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  • 1.Ad Hoc NetworksBYDARPAN DEKIVADIYA 09BCE008DEPARTMENT OF COMPUTER SCIENCE AND ENGINEERING AHMEDABAD-382481 April 2011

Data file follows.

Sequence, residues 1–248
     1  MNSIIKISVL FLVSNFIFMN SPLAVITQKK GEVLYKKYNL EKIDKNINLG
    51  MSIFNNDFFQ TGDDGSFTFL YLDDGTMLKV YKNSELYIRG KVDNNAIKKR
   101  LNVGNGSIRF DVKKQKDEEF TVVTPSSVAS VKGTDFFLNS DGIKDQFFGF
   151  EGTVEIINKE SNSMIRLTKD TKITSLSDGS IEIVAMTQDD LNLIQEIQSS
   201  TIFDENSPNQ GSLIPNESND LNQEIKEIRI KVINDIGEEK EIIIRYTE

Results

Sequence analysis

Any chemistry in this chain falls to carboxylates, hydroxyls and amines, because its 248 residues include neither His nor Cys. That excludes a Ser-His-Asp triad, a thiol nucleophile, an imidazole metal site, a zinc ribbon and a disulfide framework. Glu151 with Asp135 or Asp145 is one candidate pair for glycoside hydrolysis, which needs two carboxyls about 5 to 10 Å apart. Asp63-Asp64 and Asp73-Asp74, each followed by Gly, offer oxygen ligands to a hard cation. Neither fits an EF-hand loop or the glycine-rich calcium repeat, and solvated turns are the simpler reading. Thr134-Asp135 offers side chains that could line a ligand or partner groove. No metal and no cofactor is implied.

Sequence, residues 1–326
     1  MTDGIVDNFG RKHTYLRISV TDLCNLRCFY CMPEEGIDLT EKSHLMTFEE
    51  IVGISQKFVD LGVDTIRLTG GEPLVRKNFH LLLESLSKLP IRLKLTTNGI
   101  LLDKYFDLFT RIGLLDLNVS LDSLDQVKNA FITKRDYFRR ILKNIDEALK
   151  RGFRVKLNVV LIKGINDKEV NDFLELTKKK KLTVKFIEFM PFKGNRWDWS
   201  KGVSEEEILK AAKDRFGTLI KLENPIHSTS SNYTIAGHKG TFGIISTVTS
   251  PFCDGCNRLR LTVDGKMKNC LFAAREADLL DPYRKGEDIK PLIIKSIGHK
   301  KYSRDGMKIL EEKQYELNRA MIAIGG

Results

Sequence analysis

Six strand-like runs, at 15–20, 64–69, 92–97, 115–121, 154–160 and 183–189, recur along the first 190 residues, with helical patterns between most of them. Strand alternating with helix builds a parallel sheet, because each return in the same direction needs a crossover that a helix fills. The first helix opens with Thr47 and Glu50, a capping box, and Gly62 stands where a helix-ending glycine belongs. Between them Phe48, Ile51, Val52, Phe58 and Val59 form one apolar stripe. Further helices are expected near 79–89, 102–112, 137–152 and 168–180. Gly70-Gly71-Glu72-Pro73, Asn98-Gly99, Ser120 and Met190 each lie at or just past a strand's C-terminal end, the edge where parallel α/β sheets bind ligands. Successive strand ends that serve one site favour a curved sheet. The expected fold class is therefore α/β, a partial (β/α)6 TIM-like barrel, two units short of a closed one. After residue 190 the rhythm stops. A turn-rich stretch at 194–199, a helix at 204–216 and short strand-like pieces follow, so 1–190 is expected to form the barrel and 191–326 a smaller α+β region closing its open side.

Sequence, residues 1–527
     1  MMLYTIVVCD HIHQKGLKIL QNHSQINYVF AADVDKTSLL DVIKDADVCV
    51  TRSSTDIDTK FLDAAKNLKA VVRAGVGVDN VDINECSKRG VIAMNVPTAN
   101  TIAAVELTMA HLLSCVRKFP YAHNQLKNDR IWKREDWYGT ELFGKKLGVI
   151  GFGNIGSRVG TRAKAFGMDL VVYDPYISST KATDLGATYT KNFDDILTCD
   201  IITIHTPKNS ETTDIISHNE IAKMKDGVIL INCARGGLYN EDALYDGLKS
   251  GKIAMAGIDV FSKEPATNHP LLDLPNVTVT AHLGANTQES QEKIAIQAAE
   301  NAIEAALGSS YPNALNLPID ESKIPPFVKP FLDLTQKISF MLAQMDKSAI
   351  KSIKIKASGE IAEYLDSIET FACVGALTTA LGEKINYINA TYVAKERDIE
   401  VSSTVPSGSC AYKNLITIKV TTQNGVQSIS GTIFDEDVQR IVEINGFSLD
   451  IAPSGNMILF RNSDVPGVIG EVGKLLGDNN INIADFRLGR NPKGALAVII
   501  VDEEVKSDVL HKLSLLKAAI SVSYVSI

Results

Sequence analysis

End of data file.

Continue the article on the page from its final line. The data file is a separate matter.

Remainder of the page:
2. Ad Hoc Networks SeminarSubmitted in partial fulllment of the requirements For the degree ofBachelor of Technology In Computer EngineeringBy DARPAN DEKIVADIYA 09BCE008DEPARTMENT OF COMPUTER SCIENCE AND ENGINEERING AHMEDABAD-382481 April 2011 3. CerticateThis is to certify that the Seminar entitled Ad Hoc Networks submitted by DARPANDEKIVADIYA(09BCE008), towards the partial fulllment of the requirements for the degreeof Bachelor of Technology in Computer Engineering of Nirma University of Science andTechnology, Ahmedabad is the record of work carried out by him under my supervision andguidance. In my opinion, the submitted work has reached a level required for being acceptedfor examination. The results embodied in this Seminar, to the best of my knowledge, haventbeen submitted to any other university or institution for award of any degree or diploma. Prof.Vijay UkaniProf. D. J. Patel Assistant Professor,Professor and Head, Dept. of Computer Science & Engg.,Dept. of Computer Science & Engg., Institute of Technology,Institute of Technology, Nirma University, Ahmedabad Nirma University, AhmedabadProf. Manish ChaturvediGuide and Assistant Professor,Institute of Technology,Nirma University, Ahmedabadiii 4. Abstractiv Now a days in the many areas of the network types of the network are used.Ad hocnetwork are one of the network. It is the mobile no de network and which all are connectedwith wireless link.There are many types of the ad hoc network.The most useful ad hocnetwork is in the security purpose.Routing algorithm is same as the wired network but somevariation are made in it.There is two types table-driven and on-demand protocols for therouting in ad hoc network.iv 5. Acknowledgements vI would like to express my heartfelt gratitude to Prof. Manish Chaturvedi,Professor inDepartment of computer science and engineering for her valuable time and guidance thatmade the seminar project work a success. Thanking all my friends and all those who hadhelped me in carrying out this work. I am also indebted to the library resources centre andinterest services that enabled us to ponder over the vast subject of Ad Hoc Networks. - DARPAN DEKIVADIYA 09BCE008v 6. ContentsAbstract ivAcknowledgements v1 Introduction 11.1 Characteristics . . . . . . . . . . . . . . . . .. . . . . . . . . . . . . . . . . 21.2 Applications . . . . . . . . . . . . . . . . . . . . . . . . . . . . . . . . . . . . 21.3 Major Issues and Challenges . . . . . . . . . .. . . . . . . . . . . . . . . . . 21.4 Ad Hoc versus Infrastructure based Networks. . . . . . . . . . . . . . . . . 32 Architecture of Ad Hoc Network 42.1 IEE 802.11 . . . . . . . . . . . . . . . . . . . . . . . . . . . . . . . . . . . . . 42.1.1 History . . . . . . . . . . . . . . . . . . .. . . . . . . . . . . . . . . . 42.2 Ad Hoc Mode . . . . . . . . . . . . . . . . . . .. . . . . . . . . . . . . . . . 52.2.1 Medium Access Control Layer . . . . . .. . . . . . . . . . . . . . . . 52.2.2 Basic DFWMAC-DCF using CSMA/CA . . . . . . . . . . . . . . . . 62.2.3 DFWMAC-DCF with RTS/CTS . . . .. . . . . . . . . . . . . . . . 73 Routing In Ad-Hoc Networks 83.1 Requirement of the Routing . . . . . . . . . . . . . . . . . . . . . . . . . . . 83.2 General Issues for Ad Hoc Network Routing . . . . . . . . . . . . . . . . . .94 Routing Protocols104.1 Classication . . . . . . . . . . . . . . . . . . . . . . . . . . .. . . . . . . . 104.1.1 Based on the routing information update mechanism .. . . . . . . . 104.1.2 Based on the use of Temporal information for Routing . . . . . . . . 104.1.3 Based on Routing Topology . . . . . . . . . . . . . . .. . . . . . . . 114.1.4 Based on the Utilization of specic Resources . . . . .. . . . . . . . 114.2 Proactive or table-driven routing protocols . . . . . . . . . . .. . . . . . . . 114.2.1 Destination sequenced distance-vector protocol . . . . . . . . . . . . . 114.2.2 Wireless routing protocol . . . . . . . . . . . . . . . . .. . . . . . . . 134.2.3 Cluster head Gateway Switch Routing protocol . . . . . . . . . . . . 144.3 On-Demand routing protocols . . . . . . . . . . . . . . . . . .. . . . . . . . 154.3.1 Dynamic Source Routing Protocol . . . . . . . . . . . .. . . . . . . . 154.3.2 Ad Hoc On-Demand Distance Vector Routing Protocol. . . . . . . . 174.4 Hybrid routing protocols . . . . . . . . . . . . . . . . . . . . . . . . . . . . . 194.4.1 Zone Routing Protocol . . . . . . . . . . . . . . . . . .. . . . . . . . 19 vi 7. Chapter 1IntroductionIn computer networking, an Ad Hoc Network refers to a network connection establishedfor a single session and does not require a router or a wireless base station.Mobile nodes that are within each others radio range communicate directly via wirelesslinks that. Here mobile nodes are cause the dierent topology in the networks.In the above diagram nodes A and D have direct connection between them. In the rstradio station shows that in same radio stations both A and D are directly connected. Butas the show in the second radio station, when nodes d are goes away from the these stationthe connection link was broken between them. But still A and D are connected via nodesA-B-C-D. So this type of networks connections is held in ad hoc networks. So it is widelyused in the military application and other temporary networks. For example, military units(e.g., soldiers, tanks, or planes), equipped with wireless communication devices, could forman ad hoc network when they roam in a battleeld. Ad hoc networks can also be used foremergency, law enforcement, and rescue missions. 1 8. 1.1Characteristics Operating without a central coordinator Multi-hop radio relaying Frequent link breakage due to mobile nodes Constraint resources (bandwidth, computing power, battery lifetime) Instant deployment1.2Applications Military applications Collaborative computing Emergency rescue Mesh networks Wireless sensor networks Multi-hop cellular networks Wireless Community Network1.3Major Issues and Challenges Hidden terminal problem Exposed terminal problem Channel eciency Access delay and fairness Dierential service Realistic mobility modeling power-aware routing Constructing virtual backbone Distinguish contention, packet drop, and noise errors Security Ecient multicasting 2 9. 1.4 Ad Hoc versus Infrastructure based NetworksIn infrastructure based Networks , communication typically takes place only between thewireless nodes and the access point , but not directly between the wireless nodes.Infrastructure Networks contain special nodes called access points(APs), which are con-nected via existing networks. APs are special in the sense that they can interact with wirelessnodes as well as with the existing wired network. The other wireless nodes , also known asmobile stations , communicate via APs. The APs also act as bridges with other networks.Ad hoc LANs do not need any xed infrastructure. These networks can be set up on they at any place. Nodes communicate directly with each other or forward messages throughother nodes that are directly accessible. The design of infrastructure based networks issimpler because most of the network functionality lies within the access point ,whereas theclient can remain quite simple.In Ad hoc networks, the complexity of each node is higher because every node has toimplement medium access mechanisms to provide certain quality of service. Infrastructurebased networks lose some of the exibility which wireless networks can oer. They cannotbe used for disaster relief in cases where no infrastructure is left, where ad hoc networks canbe used.3 10. Chapter 2Architecture of Ad Hoc Network The architecture of ad hoc network can be explained by IEEE 802.11 standards.2.1 IEE 802.11 IEEE 802.11 is a set of IEEE standards that govern wireless networking transmissionmethods.2.1.1History802.11 technology has its origins in a 1985 ruling by the U.S. Federal CommunicationsCommission that released the ISM band for unlicensed use. In 1991 NCR Corporation (nowAlcatel-Lucent and LSI Corporation) invented the precursor to 802.11 in Nieuwegein, TheNetherlands. The inventors initially intended to use the technology for cashier systems; therst wireless products were brought on the market under the name WaveLAN with raw datarates of 1 Mbit/s and 2 Mbit/s.Vic Hayes, who held the chair of IEEE 802.11 for 10 years and has been called thefather of Wi-Fi was involved in designing the initial 802.11b and 802.11a standards withinthe IEEE.In 1992, the Commonwealth Scientic and Industrial Research Organisation (CSIRO)obtained a patent in Australia for a method of wireless data transfer technology based onthe use of Fourier transforms to unsmear the signal. In 1996, CSIRO obtained a patentfor the same technology in the US. In April 2009, 14 tech companies selling Wi-Fi devices,including Dell, HP, Microsoft, Intel, Nintendo, and Toshiba, agreed to pay CSIRO 250 dollorsmillion for infringements on the CSIRO patents Mobile terminals can operate in two modes under IEEE 802.11 : Infrastructure Mode Ad Hoc Mode 4 11. 2.2 Ad Hoc Mode IEEE 802.11 only covers PHY layer and MAC layer PHY layer is subdivided into Physical Layer Convergence Protocol (PLCP) Physical Medium Dependent sub layer (PMD) PHY management include channel tuning and responsible for higher layer functions (e.g.control of bridging). MAC management controls authentication mechanism and power man-agement to save battery power.2.2.1Medium Access Control LayerThe basic servies provided by the MAC layer are the mandatory Asynchronous dataservice and an optional Time bounded service. while 802.11 only oers the Asynchronousdata service in ad-hoc mode,both service types can be oered using an Infrastructure basednetwork.The following three mechanisms for IEEE 802.11 : The mandatory basic method basedon a version of CSMA/CA, an optional method avoiding the hidden